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    2. Member CrewCabCaddy's Avatar
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      06-04-2009 03:17 PM #27
      Step 6: Axles updated.
      Keep on Keepin' On

    3. Member CrewCabCaddy's Avatar
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      06-07-2009 03:35 AM #28
      Well, made the 02A tranny/clutch cover/intermediate plate work for now. Covers up most of the lower tranny and the small area behind the drive flange. Took the truck off the jack stands and tightened up all the axles bolts and lug nuts and didn't have any extra bolts laying around. Fired it up and rolled it out. Aligned the tires with a few rolls back and forth and a few short driveway trips to get toe about right with steering wheel centered. Still pulls to the right a bit...so may have a castor problem...was having this before the new tranny, so not likely related to tranny install.
      Shifts were a bit notchy, so adjusted cable ends. To get the right position on the forward/backward gearshift motion, set the "lower" cable end such that the gear shift moves left directly into (i.e., is centered on) the reverse slot. For me, the left to right cable end adjustment was more of a "feel". Move the gearshift all the way to the right and shift into 5th and 6th. If the gearshift moves a bit left or right as you push the gearshift into 5th or 6th, then adjust the "upper" cable end accordingly until the point when you move the gearshive all the way to the right and it pushes forward to 5th or backward to 6th directly and smoothly with no side to side motion. Then repeat for 1st and 2nd with the gearshift pushed all the way to the left. Find the happy medium. NOTE: there is an official way to do this with a locking pin already on the tranny and a 20d nail to lock the shift lever...see a Bentley manual or learn a little on the dieselgeek shortshifter installation web page.
      Gear shift is a bit short for my liking. Not bad for now, but I'll probably cut it off and add about 4 inches to it, and maybe even a little bend back toward the emergency brake lever. The shift box for this was intended to be mounted a bit higher in the tunnel than on the Mk1...so it isn't surprising that the shift knob is a bit low in an Mk1.
      During all this and at the end of another short drive down my driveway, my clutch master cylinder failed....pushing rusty colored fluid into the reservoir ....so....I guess I got one with water in it instead of fluid.... $130+ new, so went to junkyard and found another clutch master cylinder (1993 passat), with brake fluid still in it...$27.50 and 4 hours later I have another clutch master in place. Bled it, and all is good.
      Side note: you can pull the master cylinder up and out of its position and replace it without pulling the brake servo. I had to move my coolant reservoir, but that is easy. It was a bit of a pain re=threading the clutch fluid line into the master cylinder, but a little patience and in it went.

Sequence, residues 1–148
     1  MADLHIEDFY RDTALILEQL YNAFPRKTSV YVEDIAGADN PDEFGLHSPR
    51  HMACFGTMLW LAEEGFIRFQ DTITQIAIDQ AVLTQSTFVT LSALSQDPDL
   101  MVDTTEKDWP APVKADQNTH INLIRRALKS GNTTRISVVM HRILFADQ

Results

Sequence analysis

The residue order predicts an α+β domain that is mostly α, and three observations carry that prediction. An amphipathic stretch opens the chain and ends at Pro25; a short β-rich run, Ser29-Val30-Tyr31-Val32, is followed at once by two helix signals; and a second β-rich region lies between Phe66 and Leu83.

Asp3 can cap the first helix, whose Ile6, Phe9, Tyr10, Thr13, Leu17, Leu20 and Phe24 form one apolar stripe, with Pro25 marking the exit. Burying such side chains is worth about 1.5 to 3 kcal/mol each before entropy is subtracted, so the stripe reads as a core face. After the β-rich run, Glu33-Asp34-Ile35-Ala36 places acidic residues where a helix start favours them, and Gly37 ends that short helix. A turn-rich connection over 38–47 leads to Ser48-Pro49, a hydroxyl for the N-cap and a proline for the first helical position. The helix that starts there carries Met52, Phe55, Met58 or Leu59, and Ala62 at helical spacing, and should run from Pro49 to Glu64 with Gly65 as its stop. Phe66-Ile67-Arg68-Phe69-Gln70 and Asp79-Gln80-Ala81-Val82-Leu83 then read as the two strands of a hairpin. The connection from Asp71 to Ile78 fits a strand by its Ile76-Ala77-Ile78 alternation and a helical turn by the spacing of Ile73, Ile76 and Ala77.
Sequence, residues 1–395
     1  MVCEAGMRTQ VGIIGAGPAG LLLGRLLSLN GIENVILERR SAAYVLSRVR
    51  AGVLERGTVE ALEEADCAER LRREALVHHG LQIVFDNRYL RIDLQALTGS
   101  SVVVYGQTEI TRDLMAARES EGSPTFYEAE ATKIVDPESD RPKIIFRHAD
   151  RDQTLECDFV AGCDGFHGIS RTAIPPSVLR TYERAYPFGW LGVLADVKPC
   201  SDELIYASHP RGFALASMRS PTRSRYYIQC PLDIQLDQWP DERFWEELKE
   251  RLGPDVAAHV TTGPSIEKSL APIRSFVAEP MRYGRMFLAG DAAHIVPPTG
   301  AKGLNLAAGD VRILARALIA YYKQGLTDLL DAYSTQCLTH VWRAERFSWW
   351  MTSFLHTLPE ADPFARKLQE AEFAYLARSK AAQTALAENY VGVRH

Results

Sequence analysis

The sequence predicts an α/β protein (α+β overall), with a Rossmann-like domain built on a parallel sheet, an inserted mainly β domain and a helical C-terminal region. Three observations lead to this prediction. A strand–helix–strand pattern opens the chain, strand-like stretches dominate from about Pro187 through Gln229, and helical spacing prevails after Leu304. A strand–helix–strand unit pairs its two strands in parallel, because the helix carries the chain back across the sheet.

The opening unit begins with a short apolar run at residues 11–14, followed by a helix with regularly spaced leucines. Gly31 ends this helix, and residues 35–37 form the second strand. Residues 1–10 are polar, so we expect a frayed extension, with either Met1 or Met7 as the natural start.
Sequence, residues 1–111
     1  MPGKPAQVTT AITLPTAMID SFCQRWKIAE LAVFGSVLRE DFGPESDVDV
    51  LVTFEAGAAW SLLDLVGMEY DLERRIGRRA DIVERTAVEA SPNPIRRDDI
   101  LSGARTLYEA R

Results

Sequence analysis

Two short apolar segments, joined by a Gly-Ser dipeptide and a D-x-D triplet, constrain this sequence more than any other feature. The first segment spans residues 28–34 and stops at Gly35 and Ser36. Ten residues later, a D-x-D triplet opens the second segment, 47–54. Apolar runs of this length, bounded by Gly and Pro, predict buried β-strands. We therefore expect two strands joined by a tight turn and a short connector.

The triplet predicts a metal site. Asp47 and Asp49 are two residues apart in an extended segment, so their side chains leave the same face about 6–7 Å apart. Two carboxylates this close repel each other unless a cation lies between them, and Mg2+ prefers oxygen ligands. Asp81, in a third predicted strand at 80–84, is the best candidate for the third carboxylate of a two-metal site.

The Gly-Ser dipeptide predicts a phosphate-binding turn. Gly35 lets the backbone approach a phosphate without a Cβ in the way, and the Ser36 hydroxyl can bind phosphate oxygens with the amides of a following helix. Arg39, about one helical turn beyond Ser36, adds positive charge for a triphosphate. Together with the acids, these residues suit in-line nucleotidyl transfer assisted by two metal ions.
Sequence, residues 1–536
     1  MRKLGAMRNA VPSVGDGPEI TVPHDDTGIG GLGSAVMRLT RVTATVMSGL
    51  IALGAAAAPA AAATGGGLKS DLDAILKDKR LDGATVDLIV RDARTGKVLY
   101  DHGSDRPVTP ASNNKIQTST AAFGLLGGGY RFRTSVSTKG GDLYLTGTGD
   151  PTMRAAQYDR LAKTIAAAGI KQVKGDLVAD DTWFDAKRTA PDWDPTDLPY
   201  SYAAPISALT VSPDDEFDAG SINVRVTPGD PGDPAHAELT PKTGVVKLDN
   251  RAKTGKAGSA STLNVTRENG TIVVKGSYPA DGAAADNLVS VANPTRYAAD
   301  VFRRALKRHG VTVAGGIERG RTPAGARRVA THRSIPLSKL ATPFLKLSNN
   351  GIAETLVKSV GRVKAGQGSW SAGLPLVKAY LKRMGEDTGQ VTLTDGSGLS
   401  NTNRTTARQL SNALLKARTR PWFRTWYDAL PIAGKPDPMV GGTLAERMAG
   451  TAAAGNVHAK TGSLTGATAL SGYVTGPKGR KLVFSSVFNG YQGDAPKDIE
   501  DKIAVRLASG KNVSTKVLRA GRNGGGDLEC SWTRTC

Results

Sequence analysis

Went for a drive down the road about 2 miles each way. Clutch engaged and shifted nicely with the pedal in the upper third of travel at engagement...very nice. Clutch pedal pressure may be slightly more than the old 020 clutch, but not bad at all. Shifts are a bit smoother than 020. Spun the tires a bit on gravel, and then on blacktop, with no hint of clutch slippage. Peloquin seems to be working with both wheels spinning on gravel and blacktop.
      No major vibrations at speeds up to about 50 mph. More on this at higher speeds as the set up proves itself to be reliable.
      There is a harmonic vibration at 2200 rpm. Will have to track that down.
      However, the tranny popped out of third gear twice during the drive. Could be a bad sign. Did some more cable end adjustment and we'll see how it goes.
      Rear tranny mount hit the lower A-arm support as the motor rotated on acceleration...so i had to shave a bit off the front of the back motor mount to "round" off the front bottom corner so it would not hit the lower A-arm support. I'll provide final mount pictures and dimensions soon.
      Seems to be a bit more torque steer than I had hoped for, but this may be related to the apparent bad castor as mentioned above. I'll probably take it to my VW mechanic and have him do some measurements on the alignment.
      Washed, put Armor All on, and placed my british VW floor mats...gotta protect the new carpet. Put all my emergency stuff behind the rear seat, and just about ready to drive for awhile to work out the bugs.
      Put the hood on and parked it outside for the first time in several months. it'll probably rain tonight since i parked her outside
      Drove the riding lawnmower into the shop and pulled the blades off for replacement. After the lawnmower, the Astro van is awaiting brake and EGR work...it never ends.

      Modified by CrewCabCaddy at 12:53 AM 6-7-2009

      Modified by CrewCabCaddy at 12:54 AM 6-7-2009

      Modified by CrewCabCaddy at 12:56 AM 6-7-2009


      Modified by CrewCabCaddy at 9:46 AM 8-30-2009
      Keep on Keepin' On

    4. Member atoson's Avatar
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      06-09-2009 04:34 AM #29